Board reports are a critical communication channel between management and the board. Their structure and organisation directly impacts how effectively they convey insights, enabling robust board discussions and oversight.
Follow these tips to optimise board report structure. For each section we’ve also included a basic short example.
Start With the Executive Summary
Kick off every board report with an executive summary presenting the core messages and purpose upfront. This grounds directors on what the report covers and why it matters.
For board reports, keep summaries concise - 1-2 paragraphs or 3-5 bullet points. Avoid verbose introductions that waste space reiterating the title. Summarise key takeaways, priorities, and requested actions. Provide just enough context on past activities to orient readers.
The recommendation in a decision-oriented report works hand-in-hand with the summary. The “what” of the recommendation along with the “why” in the summary provide clarity of intent.
Executive Summary Example
This report provides an overview of our literacy program progress and challenges this past quarter. Key issues include worsening staff shortages impacting program quality and pace of expansion. I recommend the board approve a 5% budget increase to address hiring challenges. Your guidance on additional recruitment and retention strategies would be welcomed.
Follow With Background and Context
The background section in a board report briefly covers relevant history and context directors need to understand the issues and recommendations. When writing imagine you are explaining the topic to a reasonably informed layperson rather than assuming deep familiarity.
Focus background content on:
Past board/committee communications on the subject - cite specific report dates.
Milestones, activities, decisions and participants related to the issue. Condense operational details - focus on strategic insights.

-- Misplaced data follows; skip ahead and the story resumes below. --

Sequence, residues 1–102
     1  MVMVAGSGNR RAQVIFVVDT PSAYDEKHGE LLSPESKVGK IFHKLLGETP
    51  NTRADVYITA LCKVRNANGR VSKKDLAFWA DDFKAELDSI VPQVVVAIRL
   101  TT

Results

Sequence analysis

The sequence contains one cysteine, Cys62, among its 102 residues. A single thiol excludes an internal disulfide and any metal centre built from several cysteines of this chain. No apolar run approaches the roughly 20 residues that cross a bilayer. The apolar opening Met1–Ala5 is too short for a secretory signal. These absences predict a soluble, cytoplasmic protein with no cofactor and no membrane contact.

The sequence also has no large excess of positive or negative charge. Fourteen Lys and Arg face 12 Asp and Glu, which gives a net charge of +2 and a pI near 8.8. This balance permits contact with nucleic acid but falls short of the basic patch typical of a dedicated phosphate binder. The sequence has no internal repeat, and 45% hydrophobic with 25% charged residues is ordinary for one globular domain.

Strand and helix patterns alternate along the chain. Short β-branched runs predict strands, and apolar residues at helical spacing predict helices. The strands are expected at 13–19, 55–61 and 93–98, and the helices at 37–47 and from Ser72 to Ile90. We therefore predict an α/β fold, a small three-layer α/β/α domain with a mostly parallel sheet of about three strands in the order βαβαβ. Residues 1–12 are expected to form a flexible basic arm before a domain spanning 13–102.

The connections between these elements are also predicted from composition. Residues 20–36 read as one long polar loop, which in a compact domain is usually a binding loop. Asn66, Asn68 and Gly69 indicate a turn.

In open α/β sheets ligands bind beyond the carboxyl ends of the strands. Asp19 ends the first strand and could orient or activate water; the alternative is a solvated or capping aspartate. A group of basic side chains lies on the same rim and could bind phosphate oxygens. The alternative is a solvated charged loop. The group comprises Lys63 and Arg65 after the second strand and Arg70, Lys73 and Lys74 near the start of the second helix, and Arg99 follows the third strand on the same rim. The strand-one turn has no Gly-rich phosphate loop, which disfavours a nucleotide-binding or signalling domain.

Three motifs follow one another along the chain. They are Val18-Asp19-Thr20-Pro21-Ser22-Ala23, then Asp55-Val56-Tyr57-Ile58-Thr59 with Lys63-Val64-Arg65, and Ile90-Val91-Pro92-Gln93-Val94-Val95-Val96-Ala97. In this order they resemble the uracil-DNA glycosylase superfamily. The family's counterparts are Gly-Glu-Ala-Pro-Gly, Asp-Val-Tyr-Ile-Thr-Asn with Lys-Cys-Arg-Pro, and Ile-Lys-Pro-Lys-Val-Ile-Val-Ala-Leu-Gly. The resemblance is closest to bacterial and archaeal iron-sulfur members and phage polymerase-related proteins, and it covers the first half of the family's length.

Legislative, economic, political or social dynamics essential for perspective. Avoid repeating context covered in other reports - reference instead.
The background leads smoothly into current issues and recommendations by bridging history with the present. Keep it succinct while ensuring directors have the context required.
At our January board meeting, 5-year strategic enrolment and reading proficiency goals were set for our literacy programs. My March update highlighted initial progress: 2 new reading centres launched and a $50k literacy grant secured.
Since then, we have faced mounting teacher vacancies, now at 3 positions. This significantly increases student-teacher ratios, risking program quality and outcomes. Our 10% enrolment increase this quarter compounds staff capacity issues. Previous hiring incentives had limited success attracting qualified candidates.
Spotlight Issues & Recommendations Upfront
With foundational background covered, spotlight priority issues, risks, impacts and recommendations requiring board input immediately after the background or executive summary. Don’t bury them deep in tediously and lengthy pages.
For decision-oriented reports, state requested actions in a concise yet comprehensive recommendation section. Construct stand-alone recommendations that translate easily into resolutions. For progress updates, highlight milestones, upcoming activities and deliverables.
Highlight trends, comparisons, capacity thresholds and external perspectives that lend insights on how recommendations align with performance benchmarks and strategic goals. Draw connections between data points to illuminate important relationships and interdependencies.
Issues & Recommendation Example
Current Issues and Recommendations
The teacher shortage remains our most pressing strategic concern. I recommend the board approve a 5% budget increase to fund higher salaries and signing bonuses to aid hiring. Exploring an teaching fellowship is another option to alleviate staffing gaps.
Additionally, over 300 community volunteers supported programs last quarter. Better optimising volunteer roles could help address staff capacity issues. The upcoming Book Drive also presents partnership potential.
I request the board’s input on the proposed budget amendment and additional strategies to improve teacher recruitment and retention. Your guidance will help ensure we achieve enrolment and literacy goals.
Structure Content Logically
Organise report contents in order of importance, relevance and logical flow. Group related topics while maintaining clear transitions between sections.
Number sections and pages for easy reference.
Apply consistent styles and formats across recurring reports to aid director familiarity.
Use informative headings, bullets and bolding to guide focus.
Present key figures and conclusions prominently through placement, repetition and visual contrast.
Summarise complex qualitative or quantitative data in charts, dashboards and other visualisations adjacent to text summaries. But avoid letting visuals overwhelm narrative explanations.
Clarify terminology with a definitions table.
Check Visual Appeal and Readability